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Where Is The Expiration Date On Wine? Complete Guide (2023)

Last Updated on January 18, 2023 by Lydia Martin

Wines do improve with age, but surely it doesn’t last a lifetime—maybe you’re starting to wonder if the old bottles in your cellar are still drinkable.

So, where is the expiration date on wine? Let’s find out.

Where Can You Find The Expiration Date On Wines?

hand holding a bottle of wine

You may not always find an expiration date on wines, but if you do, it can be printed on their bottles, typically at the front or back bottom.

If you can’t find it in its bottle, you can also look for its packaging. The wine’s expiration dates are sometimes printed on the box.

How To Read Its Date Codes

Wine bottles usually have open date code ’dd/mmm/yy’ or the all-numerical code ’MMDDYY’ format.

In some instances, manufacturers use letters instead of the actual month’s name.

These letters are assigned to months, from A to L, equivalent to January to December.

Examples:

01 JAN 23 (January 1, 2023)

010123 (January 1, 2023)

A0123 (January 1, 2023)

Is There Always An Expiration Date On Wine? 

pouring red wine on a glass

No, not all wines have expiration dates. Some brands don’t include expiration dates but instead, put a “best by” or “best before” date, which means the best time to consume it. [1]

But even though wine’s shelf life has an expiration or best-before-date range, it can still gradually change depending on how you store it.

Why Some Wines Have No Expiration Dates 

Some manufacturers don’t include expiration dates simply because they don’t know when the bottles might expire, and usually, you will see sealed and vintage dates on these wine bottles.

Does Wine Expire?

Yes, wine does expire. But it may vary depending on its type, if the bottle is open and how you store it.

“Wine cheers the sad, revives the old, inspires the young, and makes weariness forget his toil.”

Lord Byron, Poet

Any bottle of wine that has contact with heat and light, especially an open bottle, expires faster and would last from a day up to three weeks if not sealed properly.

How Do You Know If It’s Expired?

Melbury Wine Bottles

Aside from looking at its expiration date, you can notice a change in color and unwanted tiny bubbles in an expired wine.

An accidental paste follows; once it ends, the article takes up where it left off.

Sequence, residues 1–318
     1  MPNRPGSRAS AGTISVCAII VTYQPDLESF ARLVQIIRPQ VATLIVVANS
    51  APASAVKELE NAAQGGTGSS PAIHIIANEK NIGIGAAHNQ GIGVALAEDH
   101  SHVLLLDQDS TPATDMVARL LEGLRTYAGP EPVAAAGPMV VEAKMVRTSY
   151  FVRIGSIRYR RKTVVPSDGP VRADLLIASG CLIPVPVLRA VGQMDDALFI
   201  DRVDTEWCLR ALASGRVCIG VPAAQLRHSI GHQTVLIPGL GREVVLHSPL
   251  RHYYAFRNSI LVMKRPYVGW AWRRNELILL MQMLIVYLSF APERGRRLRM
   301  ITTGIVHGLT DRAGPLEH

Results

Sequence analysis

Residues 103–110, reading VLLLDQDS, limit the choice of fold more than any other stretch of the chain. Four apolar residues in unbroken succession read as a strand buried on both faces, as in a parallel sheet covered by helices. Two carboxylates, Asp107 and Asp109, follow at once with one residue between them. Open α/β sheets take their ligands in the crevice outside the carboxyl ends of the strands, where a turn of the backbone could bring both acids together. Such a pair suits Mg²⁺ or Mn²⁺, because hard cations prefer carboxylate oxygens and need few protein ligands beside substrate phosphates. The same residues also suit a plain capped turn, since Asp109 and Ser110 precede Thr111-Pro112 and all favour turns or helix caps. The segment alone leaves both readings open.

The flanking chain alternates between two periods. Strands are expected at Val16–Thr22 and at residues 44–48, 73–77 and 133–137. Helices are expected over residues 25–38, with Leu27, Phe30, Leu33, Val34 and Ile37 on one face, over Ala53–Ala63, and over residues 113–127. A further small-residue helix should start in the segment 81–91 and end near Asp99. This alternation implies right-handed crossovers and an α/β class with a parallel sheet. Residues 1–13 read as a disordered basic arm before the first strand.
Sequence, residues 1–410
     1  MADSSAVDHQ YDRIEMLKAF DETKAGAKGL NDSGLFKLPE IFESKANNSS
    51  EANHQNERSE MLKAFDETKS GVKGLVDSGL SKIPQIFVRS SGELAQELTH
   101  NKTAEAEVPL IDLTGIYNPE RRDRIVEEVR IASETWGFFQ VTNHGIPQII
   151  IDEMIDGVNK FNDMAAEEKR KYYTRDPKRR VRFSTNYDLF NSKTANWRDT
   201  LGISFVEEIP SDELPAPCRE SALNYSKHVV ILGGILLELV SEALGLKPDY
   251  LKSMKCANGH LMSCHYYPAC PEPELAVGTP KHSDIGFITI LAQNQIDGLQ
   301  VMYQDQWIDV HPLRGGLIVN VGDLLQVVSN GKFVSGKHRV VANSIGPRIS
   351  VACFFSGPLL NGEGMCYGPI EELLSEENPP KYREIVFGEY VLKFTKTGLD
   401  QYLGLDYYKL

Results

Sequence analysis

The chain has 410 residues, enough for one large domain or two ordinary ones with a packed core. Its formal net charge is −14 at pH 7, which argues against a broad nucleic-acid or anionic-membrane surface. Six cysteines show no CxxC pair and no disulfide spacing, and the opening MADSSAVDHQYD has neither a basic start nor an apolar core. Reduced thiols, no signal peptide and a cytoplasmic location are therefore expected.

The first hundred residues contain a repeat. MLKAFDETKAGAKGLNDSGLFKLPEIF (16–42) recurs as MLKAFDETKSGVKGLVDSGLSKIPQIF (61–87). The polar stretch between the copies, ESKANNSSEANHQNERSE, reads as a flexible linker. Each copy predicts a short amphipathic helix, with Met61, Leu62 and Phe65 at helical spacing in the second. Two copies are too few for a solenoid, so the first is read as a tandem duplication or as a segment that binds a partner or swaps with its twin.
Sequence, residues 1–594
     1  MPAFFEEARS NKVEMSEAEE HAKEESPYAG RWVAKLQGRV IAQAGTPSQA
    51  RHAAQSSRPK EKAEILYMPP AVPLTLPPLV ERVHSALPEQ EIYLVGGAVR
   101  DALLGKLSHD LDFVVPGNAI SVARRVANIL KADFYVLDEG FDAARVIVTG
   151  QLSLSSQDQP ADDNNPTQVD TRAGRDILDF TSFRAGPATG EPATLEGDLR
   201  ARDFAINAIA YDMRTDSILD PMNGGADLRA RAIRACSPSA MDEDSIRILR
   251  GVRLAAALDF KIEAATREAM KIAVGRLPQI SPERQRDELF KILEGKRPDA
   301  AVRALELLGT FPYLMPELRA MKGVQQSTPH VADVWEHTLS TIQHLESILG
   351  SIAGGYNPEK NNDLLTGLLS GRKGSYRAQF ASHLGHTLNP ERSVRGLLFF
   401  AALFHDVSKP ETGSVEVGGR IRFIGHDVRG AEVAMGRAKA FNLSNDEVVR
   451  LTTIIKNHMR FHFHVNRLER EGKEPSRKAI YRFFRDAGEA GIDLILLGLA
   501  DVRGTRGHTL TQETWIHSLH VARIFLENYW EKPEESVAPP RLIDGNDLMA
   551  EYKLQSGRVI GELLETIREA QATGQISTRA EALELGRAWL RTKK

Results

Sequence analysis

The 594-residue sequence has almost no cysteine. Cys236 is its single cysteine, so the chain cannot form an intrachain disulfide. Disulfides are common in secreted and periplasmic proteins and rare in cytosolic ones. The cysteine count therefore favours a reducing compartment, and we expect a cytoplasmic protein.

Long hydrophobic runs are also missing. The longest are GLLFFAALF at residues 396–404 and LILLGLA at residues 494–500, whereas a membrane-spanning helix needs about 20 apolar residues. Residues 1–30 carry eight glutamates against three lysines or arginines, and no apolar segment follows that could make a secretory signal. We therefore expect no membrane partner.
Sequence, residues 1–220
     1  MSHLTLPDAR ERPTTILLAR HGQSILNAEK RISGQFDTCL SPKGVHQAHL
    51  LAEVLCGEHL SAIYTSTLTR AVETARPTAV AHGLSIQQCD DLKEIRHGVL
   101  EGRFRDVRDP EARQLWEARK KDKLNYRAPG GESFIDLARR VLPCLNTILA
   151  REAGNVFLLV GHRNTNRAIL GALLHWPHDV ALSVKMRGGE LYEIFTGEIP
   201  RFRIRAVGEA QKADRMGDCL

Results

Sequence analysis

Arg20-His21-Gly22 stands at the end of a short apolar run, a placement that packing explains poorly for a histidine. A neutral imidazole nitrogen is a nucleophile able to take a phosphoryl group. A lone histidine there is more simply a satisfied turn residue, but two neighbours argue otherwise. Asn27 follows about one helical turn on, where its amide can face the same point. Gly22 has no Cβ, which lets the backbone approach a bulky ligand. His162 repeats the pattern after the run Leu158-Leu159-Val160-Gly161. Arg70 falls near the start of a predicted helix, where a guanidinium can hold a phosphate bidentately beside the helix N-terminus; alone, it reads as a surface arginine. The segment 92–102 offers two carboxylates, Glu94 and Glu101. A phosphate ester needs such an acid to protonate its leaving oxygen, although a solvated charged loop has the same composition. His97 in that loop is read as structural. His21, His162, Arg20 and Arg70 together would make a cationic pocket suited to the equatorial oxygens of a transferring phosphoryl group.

Also, wine has gone bad if it has a sharp, tart scent, garlic aroma, and sour and burnt taste.

Anything unusual from its original sweet, fruity notes and flavors can signify that it has expired.

How Long Can You Keep It?

Wine shelf life depends on the wine type and how you properly store it.

White wine could last up to 1-2 years, while red wines could last from 2-3 years.

Generally, all wines should be stored in a dark, cool place and away from sunlight.

But fine wines might take 10-20 years to spoil if stored properly in the wine cellar. 

Will An Expired Wine Make You Ill?

wine cellar

Yes, an expired wine can make you ill, especially if you have a sensitive stomach and consume a large amount of it. 

In a worst-case scenario, drinking spoiled and expired wine may cause diarrhea and stomach cramps and might lead to possible food poisoning.

FAQs 

Does red wine last longer than white wine?

Yes, red wine lasts longer than white wine. Red wines contain tannins, which come from grapes and are primarily a factor in the prolonged shelf life of red wines. [2]

Where is the expiration date on barefoot wine?

The expiration date on barefoot wine is usually printed on the neck’s bottle or bottle’s back label.

But if it has packaging, the expiration date might also be printed on the box of the wine bottle.

Final Thoughts

Not all bottles of wine have expiration dates, but if they do, expiration dates can be found on the back or front bottom part of the bottle or, if not, in its box packaging.

You can also look for the “best by” or “best before” date labels or the sealed or vintage date as an indicator.

But if you still can’t find the expiration date and notice a color alteration, sharp, tart aroma, and change in taste to sour-like vinegar, it is a sign that your wine is expired.

References:

  1. https://www.fsis.usda.gov/food-safety/safe-food-handling-and-preparation/food-safety-basics/food-product-dating 
  2. https://www.washingtonpost.com/food/2021/07/16/what-are-tannins-wine/

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